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Friday, April 17, 2015

Muslims can learn from parents of Boston child victim Martin Richard

Can Dzhokhar Tsarnaev's family understand forgiveness?

It's rare in Muslim culture, as far as I know, to hear about occasions where forgiveness and clemency are outcomes of people convicted of criminal acts. Usually, the Muslim culture's retribution for criminal behavior are nearly as brutal as the crimes commited, like a literal application of the concept of "an eye for an eye".  

Although I'm certainly not an expert on Islam, my rare experience, from reading, is that the Muslims have a difficult time with the concept of forgiveness.

Therefore, the request by the parents of the youngest victim in the Boston marathon bombing, to drop the death penalty, as a possible punishment for convicted bomber Dzhokhar Tsarnaev, must be unusual, to say the least, especially to militant Islamist extremists.

Bill and Denise Richard's eight-year-old son was one of three people killed in the explosions in April 2013.

The Richards said an execution sentence "could bring years of appeals and prolong reliving the most painful day of our lives."

Tsarnaev was convicted last week.

The Richard family made their plea in a front-page piece in the Boston Globe, on Friday, April 17th.

"We are in favour of and would support the Department of Justice in taking the death penalty off the table, in exchange for the defendant spending the rest of his life in prison without any possibility of release and waiving all of his rights to appeal," they wrote.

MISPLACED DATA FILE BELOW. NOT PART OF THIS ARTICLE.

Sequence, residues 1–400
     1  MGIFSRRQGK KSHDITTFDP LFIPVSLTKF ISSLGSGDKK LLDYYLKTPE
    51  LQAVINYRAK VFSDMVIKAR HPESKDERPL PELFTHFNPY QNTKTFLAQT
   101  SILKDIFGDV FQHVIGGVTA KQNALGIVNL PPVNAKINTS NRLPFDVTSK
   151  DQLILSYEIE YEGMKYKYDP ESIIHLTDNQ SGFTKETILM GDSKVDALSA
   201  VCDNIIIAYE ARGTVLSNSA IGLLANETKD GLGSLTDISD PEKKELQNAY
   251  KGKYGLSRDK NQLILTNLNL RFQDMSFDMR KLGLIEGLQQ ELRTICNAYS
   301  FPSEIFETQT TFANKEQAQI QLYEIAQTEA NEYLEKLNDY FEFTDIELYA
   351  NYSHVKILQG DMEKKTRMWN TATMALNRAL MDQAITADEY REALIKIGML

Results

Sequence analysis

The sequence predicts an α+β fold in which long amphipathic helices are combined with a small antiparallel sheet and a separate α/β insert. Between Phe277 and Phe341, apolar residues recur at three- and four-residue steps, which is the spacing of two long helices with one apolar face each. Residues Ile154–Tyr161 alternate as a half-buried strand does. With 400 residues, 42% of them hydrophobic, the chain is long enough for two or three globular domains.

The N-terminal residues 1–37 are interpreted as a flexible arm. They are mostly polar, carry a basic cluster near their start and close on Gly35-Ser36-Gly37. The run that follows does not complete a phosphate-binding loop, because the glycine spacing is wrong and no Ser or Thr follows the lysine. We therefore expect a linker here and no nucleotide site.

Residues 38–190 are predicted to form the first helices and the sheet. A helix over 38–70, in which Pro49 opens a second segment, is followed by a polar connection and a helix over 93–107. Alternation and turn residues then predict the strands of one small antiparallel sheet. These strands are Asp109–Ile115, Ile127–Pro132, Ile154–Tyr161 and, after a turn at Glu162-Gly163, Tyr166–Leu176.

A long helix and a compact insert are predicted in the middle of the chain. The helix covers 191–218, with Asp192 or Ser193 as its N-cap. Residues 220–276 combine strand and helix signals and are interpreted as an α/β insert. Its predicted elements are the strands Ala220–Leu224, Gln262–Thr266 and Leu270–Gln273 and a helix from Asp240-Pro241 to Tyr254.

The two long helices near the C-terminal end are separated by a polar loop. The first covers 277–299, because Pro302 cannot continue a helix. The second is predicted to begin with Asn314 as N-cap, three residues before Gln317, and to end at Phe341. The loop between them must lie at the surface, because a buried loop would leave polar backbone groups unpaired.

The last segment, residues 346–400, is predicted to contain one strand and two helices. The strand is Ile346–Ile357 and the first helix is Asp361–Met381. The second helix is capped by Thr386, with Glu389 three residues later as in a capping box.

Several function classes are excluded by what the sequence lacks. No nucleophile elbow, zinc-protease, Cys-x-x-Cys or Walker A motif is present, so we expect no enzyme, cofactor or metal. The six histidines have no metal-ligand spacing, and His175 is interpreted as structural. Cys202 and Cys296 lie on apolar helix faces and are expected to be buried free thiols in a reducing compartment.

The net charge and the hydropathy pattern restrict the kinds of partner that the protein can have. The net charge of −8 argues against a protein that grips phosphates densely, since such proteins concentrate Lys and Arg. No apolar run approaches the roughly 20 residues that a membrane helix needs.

The Richards were injured in the attack and their daughter, Jane, lost one of her legs in one of the explosions.

"The defendant murdered our 8-year-old son, maimed our 7-year-old daughter, and stole part of our soul. We know that the government has its reasons for seeking the death penalty, but the continued pursuit of that punishment could bring years of appeals and prolong reliving the most painful day of our lives," they said.

Indeed, this is an extraordinary request from the parents of Martin Richard.  God Love Them.
On the other hand, radical Islamists, those zealous about jihad, must be perplexed by this parental request. Extremism seems to prevent terrorists from understanding the concept of letting go of the "eye for an eye" cultural concept. 

Consequently, in my opinion, the extraordinary request by the grieving Richard family is a magnificent humanitarian response to terrorism. Their Christian response to the perpetrator of their grief is a stark contrast to the extremist culture. Tragically, there are hundreds, maybe even thousands, of children being terrorized and murdered by terrorist extremists, many of them are young girls.  It certainly takes enormous faith in the power of forgiveness and clemency to respond to those who cause horrendous grief for innocent people. I have to respond to the Richard family's request.
Out of deep respect for this family's loss and grief, I agree to call for clemency for Dzhokhar Tsarnaev. I pray that Dzhokhar's family will understand the concept of forgiveness and respond by telling the Richard family how much they deeply regret what he did.

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